The editors of Sports Illustrated have put together that kind of book. Simply put, it's a treasure.
“Super Bowl Gold: 50 Years of the Big Game” (Time Inc. Books; hardback; $40; 336 pages) is a wonderful coffee table-sized book, with a nice blend of the past and the present.
The articles were written by some of pro football’s most gifted and astute writers — Tex Maule, Dan Jenkins, Paul Zimmerman, Rick Telander, Michael Silver and Peter King (who wrote the foreward).
Maule wrote the main SI story for the first eight Super Bowls. Jenkins wrote the next five, followed by a 14 from “Dr. Z” — including 12 in a row. Silver wrote the game stories from Super Bowls XXX to XLII.
These weren’t just game stories — SI readers had seen the game, listened to the commentators’ opinions and had read the next-day accounts. Sports Illustrated’s writers provided the insight and analysis gleaned from careful observations and interviews where good questions were asked — and good answers were given. They told the what, for sure — but they also told the why.
Zimmerman’s prose after John Riggins led the Washington Redskins to victory in Super Bowl XVII is a perfect example. What Riggins had done, Zimmerman wrote, “was grab modern NFL football by the scruff of the neck and toss it a few decades back into a simpler era — big guy running behind bigger guys blocking.”
Each chapter is formatted to include the coaches’ names, the game conditions, time of the game, point spread and television audience. Facts like statistical leaders, behind the scenes notes and notable quotes also are included. Every game also had two boxes called “The Way It Was,” with the viewpoints from a player from each team.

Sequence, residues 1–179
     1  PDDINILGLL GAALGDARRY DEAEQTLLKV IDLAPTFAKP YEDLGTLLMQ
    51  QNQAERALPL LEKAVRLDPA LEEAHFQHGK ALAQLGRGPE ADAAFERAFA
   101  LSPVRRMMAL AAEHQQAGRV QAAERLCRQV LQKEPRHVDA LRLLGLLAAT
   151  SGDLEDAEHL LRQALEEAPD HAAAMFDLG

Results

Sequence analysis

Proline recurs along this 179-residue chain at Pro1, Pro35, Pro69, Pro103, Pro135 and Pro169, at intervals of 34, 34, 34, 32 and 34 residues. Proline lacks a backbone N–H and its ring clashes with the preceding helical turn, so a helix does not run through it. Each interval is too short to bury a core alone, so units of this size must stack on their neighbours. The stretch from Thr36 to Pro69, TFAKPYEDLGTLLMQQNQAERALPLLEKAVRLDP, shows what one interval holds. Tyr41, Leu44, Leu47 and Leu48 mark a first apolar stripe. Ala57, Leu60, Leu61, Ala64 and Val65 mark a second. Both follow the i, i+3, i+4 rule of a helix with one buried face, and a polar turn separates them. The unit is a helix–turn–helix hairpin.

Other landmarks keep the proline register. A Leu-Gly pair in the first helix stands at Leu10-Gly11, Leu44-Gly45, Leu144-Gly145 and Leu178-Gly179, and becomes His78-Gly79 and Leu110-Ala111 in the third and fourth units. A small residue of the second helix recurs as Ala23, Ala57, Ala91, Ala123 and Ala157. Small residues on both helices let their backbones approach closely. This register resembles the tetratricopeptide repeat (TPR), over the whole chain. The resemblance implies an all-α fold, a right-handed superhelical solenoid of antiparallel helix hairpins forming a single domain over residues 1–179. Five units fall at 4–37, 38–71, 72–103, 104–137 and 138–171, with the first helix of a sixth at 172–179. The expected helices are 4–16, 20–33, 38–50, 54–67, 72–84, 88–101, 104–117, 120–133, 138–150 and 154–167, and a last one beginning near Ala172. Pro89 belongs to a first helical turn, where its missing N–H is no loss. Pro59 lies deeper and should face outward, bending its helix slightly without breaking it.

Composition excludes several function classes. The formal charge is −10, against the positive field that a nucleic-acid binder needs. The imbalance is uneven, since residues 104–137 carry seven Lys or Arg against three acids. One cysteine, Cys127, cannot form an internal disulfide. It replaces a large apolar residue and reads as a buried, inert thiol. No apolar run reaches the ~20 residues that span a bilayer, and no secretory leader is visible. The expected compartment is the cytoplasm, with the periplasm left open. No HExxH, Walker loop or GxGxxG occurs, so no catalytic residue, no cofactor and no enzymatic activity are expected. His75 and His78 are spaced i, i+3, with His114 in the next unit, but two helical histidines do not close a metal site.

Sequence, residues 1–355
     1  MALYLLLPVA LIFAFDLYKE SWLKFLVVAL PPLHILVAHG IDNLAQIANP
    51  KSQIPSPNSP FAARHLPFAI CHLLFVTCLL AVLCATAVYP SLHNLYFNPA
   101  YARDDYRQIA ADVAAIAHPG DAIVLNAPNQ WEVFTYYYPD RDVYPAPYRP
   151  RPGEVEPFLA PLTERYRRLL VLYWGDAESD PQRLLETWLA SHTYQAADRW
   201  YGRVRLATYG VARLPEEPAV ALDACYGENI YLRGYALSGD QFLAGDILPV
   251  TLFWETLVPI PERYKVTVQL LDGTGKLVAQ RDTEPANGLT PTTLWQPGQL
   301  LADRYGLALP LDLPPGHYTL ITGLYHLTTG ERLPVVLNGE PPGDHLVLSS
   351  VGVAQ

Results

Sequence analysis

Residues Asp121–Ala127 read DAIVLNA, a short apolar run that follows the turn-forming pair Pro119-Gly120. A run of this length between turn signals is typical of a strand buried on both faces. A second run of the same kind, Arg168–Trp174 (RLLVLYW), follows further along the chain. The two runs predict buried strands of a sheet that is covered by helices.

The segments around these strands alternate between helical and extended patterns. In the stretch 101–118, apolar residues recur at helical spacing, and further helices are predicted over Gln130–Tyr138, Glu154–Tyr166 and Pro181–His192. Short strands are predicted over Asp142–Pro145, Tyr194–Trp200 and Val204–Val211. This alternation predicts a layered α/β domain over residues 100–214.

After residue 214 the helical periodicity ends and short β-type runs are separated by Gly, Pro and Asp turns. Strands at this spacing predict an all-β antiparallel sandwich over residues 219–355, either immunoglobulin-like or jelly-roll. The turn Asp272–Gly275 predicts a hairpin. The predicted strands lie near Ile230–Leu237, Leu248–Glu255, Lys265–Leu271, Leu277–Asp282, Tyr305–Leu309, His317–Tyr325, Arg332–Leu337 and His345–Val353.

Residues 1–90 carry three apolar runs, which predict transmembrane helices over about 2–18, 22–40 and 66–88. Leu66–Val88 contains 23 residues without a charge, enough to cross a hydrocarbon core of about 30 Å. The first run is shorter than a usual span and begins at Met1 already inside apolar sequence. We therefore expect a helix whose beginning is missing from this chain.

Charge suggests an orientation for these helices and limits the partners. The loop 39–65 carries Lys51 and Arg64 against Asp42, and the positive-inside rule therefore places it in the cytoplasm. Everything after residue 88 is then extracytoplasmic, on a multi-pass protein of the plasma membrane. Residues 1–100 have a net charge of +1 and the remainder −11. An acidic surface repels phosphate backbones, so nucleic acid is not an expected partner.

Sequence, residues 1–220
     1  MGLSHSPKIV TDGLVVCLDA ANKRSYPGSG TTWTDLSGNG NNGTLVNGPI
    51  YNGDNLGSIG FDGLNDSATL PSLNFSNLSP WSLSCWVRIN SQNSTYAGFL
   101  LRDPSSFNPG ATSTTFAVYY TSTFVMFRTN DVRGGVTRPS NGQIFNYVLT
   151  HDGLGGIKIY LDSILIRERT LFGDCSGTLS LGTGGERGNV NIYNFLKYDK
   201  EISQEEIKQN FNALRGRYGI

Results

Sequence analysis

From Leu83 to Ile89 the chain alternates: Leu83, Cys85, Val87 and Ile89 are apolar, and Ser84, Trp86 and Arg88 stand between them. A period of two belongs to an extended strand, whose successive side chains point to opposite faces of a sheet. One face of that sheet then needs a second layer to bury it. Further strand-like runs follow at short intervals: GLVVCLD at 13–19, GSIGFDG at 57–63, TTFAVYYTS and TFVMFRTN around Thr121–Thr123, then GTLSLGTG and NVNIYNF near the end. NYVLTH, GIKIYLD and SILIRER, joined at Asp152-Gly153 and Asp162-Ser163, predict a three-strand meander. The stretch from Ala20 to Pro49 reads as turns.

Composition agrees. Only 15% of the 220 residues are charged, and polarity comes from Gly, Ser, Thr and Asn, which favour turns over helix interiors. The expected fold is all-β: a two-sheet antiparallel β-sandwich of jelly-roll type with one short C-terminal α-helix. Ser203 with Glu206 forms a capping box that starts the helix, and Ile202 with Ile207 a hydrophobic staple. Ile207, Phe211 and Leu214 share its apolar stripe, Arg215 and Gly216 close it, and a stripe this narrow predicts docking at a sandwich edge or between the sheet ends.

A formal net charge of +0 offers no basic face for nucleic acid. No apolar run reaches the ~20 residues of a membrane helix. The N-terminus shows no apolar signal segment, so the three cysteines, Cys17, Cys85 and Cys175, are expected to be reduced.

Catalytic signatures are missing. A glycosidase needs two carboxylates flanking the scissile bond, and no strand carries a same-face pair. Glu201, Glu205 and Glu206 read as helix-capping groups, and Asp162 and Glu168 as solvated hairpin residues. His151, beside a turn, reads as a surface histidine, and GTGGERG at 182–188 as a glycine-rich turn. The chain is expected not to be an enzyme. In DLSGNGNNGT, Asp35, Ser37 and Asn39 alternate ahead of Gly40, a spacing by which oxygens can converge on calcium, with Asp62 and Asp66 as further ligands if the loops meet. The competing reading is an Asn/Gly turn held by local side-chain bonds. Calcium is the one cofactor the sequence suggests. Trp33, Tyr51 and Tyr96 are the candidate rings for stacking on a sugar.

Attendance figures, halftime entertainers, national anthem singers, game MVPs and ticket prices are included, along with images of each Super Bowl game ticket and winners’ ring.
The book opens with a feature by Austin Murphy about three fans that have been to every Super Bowl and are about to witness their 50th. They are referred to as members of the “Never-Miss-A-Super-Bowl-Club.”
The book is divided into “quarters,” and at halftime are three feature stories. The subjects are halftime entertainment, media day and Super Bowl advertising. The halftime show originally featured high school bands and groups like Up With People. NFL commissioner Pete Rozelle didn’t think a glitzy halftime show would work.
“Why would we spend all that money,” he asked. “That’s when everybody goes to the bathroom.”
It did, culminating with Katy Perry atop a 1,600-pound, 16-foot high golden animatronic lion during Super Bowl XLIX. The halftime show survived the Janet Jackson wardrobe malfunction in Super Bowl XXXVIII, and old-time acts like the Rolling Stones, Paul McCartney, Tom Petty, Prince, Bruce Springsteen and The Who allowed Murphy to write the best line of this book.
Murphy referred to those geriatric rock ’n’ roll greats as “AARP With People.”
A section in the back of the book rates the games from most exciting to totally boring. That should spur some lively debate.
The photography in “Super Bowl Gold” is stunningly beautiful, but that’s not a surprise. Through the years, SI photographers always seemed to have the right angle for that great play or defining moment.
Football fans who revel in the Super Bowl will revel in “Super Bowl Gold.” It brings back plenty of memories, and readers will enjoy — or re-enjoy — the game accounts, photographs and statistics.
It’s a super-sized tribute to the biggest event in sports.